College campuses are diverse. Newly minted high school graduates embarking on the next stage of their studies might dominate college campuses, but many established professionals who have long since graduated from high school are also among the student bodies at universities across the globe.
The National Center for Education Statistics says that one in five Americans enrolled in undergraduate higher education is at least 30 years old.
The changing face of higher education should be a comfort to adults who may have been apprehensive about heading back to school. Adults considering a return to school should not allow age to deter them from enrolling. Many people now complete degrees later in life, while others return to school to study subjects they did not study during their first go-rounds as college students.
Finding the right fit in regard to a college is different for adults than it is students right out of high school. Responsibilities to family and employers complicate the decision about where to go to school. The following tips can help adults as they decide where to continue their educations.
Choose a school that meets your needs. Look for schools that can accommodate priorities other than academics, such as family and work. Many schools now offer flexible schedules and online classes. Check out schools with strong reputations for working with adult learners.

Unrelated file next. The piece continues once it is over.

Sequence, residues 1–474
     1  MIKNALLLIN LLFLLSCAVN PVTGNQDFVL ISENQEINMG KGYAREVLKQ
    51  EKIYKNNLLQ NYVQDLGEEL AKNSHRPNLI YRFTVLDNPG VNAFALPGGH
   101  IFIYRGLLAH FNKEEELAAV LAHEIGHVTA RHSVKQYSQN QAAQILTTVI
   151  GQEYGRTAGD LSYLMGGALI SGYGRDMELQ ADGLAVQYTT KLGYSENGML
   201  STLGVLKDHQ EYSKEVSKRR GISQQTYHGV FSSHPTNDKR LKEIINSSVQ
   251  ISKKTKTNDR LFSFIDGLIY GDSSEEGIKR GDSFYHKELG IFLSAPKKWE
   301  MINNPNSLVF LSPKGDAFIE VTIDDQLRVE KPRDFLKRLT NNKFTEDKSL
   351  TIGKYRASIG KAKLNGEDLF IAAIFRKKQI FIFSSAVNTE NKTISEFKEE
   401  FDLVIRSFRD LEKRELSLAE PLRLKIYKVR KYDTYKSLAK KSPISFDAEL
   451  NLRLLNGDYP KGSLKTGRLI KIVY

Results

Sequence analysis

Sit down with a college counselor. If you’ve been in college before, pull your transcripts and bring any information about coursework, credits and life experience. This way you can be credited for what you have already accomplished. Counselors can serve as invaluable resources as you navigate a return to the classroom.
Brush up on the skills required of successful students. If you’ve been out of school for a while, brush up on your study skills, note-taking, annotating, and other skills that can serve you well in an academic environment.
Speak with your employer. Many employers support employees who want to return to school, especially when employees will be gaining skills that are applicable to their existing careers. Some employees may even help their employers finance their educations. According to Matthew Reed, the vice president for learning at Brookdale Community College in Lincroft, N.J., roughly 90 percent of midsize or large employers offer some kind of tuition reimbursement. Even when that’s not available, some employers may have an arrangement with certain schools that provide discounts to their workers, says Reed.